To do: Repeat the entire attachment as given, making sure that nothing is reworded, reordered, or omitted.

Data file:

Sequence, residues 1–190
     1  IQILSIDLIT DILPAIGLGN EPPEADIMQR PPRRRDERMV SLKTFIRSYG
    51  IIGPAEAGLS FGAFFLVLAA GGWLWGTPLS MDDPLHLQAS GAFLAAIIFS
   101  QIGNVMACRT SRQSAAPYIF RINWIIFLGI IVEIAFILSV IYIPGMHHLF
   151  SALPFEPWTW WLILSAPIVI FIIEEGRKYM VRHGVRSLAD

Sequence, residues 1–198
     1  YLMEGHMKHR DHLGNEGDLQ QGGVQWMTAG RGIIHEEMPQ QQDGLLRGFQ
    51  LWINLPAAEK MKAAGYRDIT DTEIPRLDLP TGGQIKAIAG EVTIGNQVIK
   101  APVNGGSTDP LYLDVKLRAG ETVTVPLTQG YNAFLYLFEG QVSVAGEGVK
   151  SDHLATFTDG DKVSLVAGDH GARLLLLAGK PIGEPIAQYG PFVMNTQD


Sequence, residues 1–190
     1  IQILSIDLIT DILPAIGLGN EPPEADIMQR PPRRRDERMV SLKTFIRSYG
    51  IIGPAEAGLS FGAFFLVLAA GGWLWGTPLS MDDPLHLQAS GAFLAAIIFS
   101  QIGNVMACRT SRQSAAPYIF RINWIIFLGI IVEIAFILSV IYIPGMHHLF
   151  SALPFEPWTW WLILSAPIVI FIIEEGRKYM VRHGVRSLAD

Sequence, residues 1–198
     1  YLMEGHMKHR DHLGNEGDLQ QGGVQWMTAG RGIIHEEMPQ QQDGLLRGFQ
    51  LWINLPAAEK MKAAGYRDIT DTEIPRLDLP TGGQIKAIAG EVTIGNQVIK
   101  APVNGGSTDP LYLDVKLRAG ETVTVPLTQG YNAFLYLFEG QVSVAGEGVK
   151  SDHLATFTDG DKVSLVAGDH GARLLLLAGK PIGEPIAQYG PFVMNTQD